• *dons her Whovian cap* Actually, we last see Mickey Smith (Noel Clarke) at the end of “The End of Time” when the Doctor is checking in on all of his companions one last time right before he regenerates. Mickey came back from the alternate universe Cardiff in “Journey’s End”; he had stayed behind there in “Age of Steel”.

    Relating to the actual article: I’m stupidly excited to see more Star Trek, but I’m super bummed that the nearest imax theater is hours away so I won’t get to see this!

  • @Taen, I should have specified that it was the last episode *I* saw him in. I am but an apprentice Whovian, not yet a journeyman. I’ll amend the post to reflect the “Age of Steel” bit.

    @Joel, that final screenshot is from the extra scene in the Japanese teaser trailer. Look for more on that tomorrow in a HUGE Star Trek post.

    @Eric, that is Spock, but he’s in a heat-resistant suit on a bit of non-lava-covered rock in the middle of the volcano.

  • Not sure why people have issues with the underwater Enterprise Its designed for the vacuum of space meaning its airtight. Plus I believe the NX Enterprise went underwater once.

  • The NX never went underwater… ” Like most spacecraft, the Enterprise is designed to keep between one and several atmospheres of pressure in, while the ship itself is exposed to the vacuum of space. This is a very different job than keeping out the pressure from tons of sea water over your head. (2) It just strains credibility to the breaking point to ask us to believe that those poor Starfleet engineers were told to take flying under water into account in their ship designs. How often can that even need to happen during your average mission? Spoiler alert: like, never. Or hardly ever. You just wouldn’t build that sort of thing into your space ship’s requirements. I suppose you could technobabble your way out of any criticism like this with structural integrity fields and blah, blah, blah, but come on – that’s the sort of thing that eventually killed the TNG-era run of Trek. If we’re already at that point two movies into the reboot, we’re in real trouble.”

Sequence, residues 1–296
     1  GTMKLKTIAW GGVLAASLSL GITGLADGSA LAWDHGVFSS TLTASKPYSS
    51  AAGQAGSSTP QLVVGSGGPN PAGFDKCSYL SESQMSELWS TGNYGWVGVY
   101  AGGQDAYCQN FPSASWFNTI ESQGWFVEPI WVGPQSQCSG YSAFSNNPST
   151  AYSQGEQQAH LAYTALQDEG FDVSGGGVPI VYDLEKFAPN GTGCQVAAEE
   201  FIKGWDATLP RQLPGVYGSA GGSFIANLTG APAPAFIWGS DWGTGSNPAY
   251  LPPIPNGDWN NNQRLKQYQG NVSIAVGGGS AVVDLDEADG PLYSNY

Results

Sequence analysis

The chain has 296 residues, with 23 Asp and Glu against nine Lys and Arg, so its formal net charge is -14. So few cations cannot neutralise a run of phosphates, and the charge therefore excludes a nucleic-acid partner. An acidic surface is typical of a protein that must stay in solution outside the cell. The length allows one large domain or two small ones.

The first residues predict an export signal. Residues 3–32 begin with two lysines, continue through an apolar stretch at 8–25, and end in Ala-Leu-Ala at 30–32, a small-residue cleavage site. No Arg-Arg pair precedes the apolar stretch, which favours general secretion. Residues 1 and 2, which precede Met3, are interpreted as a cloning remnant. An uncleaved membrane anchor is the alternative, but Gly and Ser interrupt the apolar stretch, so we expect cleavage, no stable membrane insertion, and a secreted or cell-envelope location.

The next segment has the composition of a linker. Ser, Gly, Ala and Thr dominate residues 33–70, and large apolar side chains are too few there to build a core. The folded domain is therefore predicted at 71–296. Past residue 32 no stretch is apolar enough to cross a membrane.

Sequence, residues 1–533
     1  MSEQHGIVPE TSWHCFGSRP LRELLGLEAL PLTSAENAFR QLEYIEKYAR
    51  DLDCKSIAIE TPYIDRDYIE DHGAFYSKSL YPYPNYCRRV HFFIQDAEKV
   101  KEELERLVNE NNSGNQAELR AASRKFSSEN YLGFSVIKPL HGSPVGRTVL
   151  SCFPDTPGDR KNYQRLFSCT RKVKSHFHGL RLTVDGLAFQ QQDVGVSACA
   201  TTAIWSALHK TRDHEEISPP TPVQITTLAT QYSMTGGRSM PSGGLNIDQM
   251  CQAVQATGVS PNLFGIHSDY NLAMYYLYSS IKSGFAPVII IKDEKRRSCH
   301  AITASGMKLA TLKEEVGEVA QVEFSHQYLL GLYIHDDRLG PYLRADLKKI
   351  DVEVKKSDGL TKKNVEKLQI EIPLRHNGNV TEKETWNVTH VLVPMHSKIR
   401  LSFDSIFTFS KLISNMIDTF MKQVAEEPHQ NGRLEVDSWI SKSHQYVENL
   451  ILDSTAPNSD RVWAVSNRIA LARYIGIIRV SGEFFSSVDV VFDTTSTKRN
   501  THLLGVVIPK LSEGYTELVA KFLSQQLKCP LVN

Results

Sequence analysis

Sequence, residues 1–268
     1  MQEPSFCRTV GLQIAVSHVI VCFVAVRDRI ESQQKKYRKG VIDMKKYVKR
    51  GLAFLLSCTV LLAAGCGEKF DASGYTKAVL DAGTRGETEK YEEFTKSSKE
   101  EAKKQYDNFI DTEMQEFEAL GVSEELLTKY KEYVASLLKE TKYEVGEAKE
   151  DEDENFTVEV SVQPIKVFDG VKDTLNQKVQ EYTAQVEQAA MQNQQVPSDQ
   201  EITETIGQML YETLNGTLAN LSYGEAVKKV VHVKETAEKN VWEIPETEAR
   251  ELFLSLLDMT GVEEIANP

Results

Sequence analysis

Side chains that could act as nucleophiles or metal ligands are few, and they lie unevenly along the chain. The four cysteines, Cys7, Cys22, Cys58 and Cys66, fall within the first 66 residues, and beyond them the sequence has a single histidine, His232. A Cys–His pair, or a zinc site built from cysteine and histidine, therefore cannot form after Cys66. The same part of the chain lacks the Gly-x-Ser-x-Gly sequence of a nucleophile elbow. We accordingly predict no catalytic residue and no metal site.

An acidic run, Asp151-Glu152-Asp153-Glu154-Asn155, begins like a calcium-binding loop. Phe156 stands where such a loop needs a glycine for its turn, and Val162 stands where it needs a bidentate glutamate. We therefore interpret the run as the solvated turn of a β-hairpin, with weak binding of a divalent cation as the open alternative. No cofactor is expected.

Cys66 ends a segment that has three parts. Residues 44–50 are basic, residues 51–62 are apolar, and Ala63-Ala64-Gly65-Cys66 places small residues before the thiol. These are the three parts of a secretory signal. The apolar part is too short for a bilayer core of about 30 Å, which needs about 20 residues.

• @me its the future who’s to say it isn’t possible. The enterprise isn’t made of steel. In the 21st Century it may not be possible but who is to say how ships are built in the future.

  • The Enterprise underwater reeks of a stunning set piece in search of a story. That seems to be the way these movies are written. Story board out 5 things that will make great segments, then do some writing gymnastics to justify their inclusion in the movie.

    Abrams and Lindelof start from an end and work backwards. In this case, the end they have started from makes no reasonable sense. The technobabble they will have to use to justify this end would be excessive.

    Real science and exploration do not work this way. We start from the beginning, posit a theory and explore, discovering what is really there on the way. When Abrams and Lindelof write a script, they already know the final answer (hint: it is always that we humans can not possibly know/control/understand the universe), then retroactively justify it. This often means that the endings do not logically follow from the story. There are frequently no good clues to what is happening until the very end.

    In my opinion, their works are anti-intellectual and will do nothing to inspire the next generation of curious minds.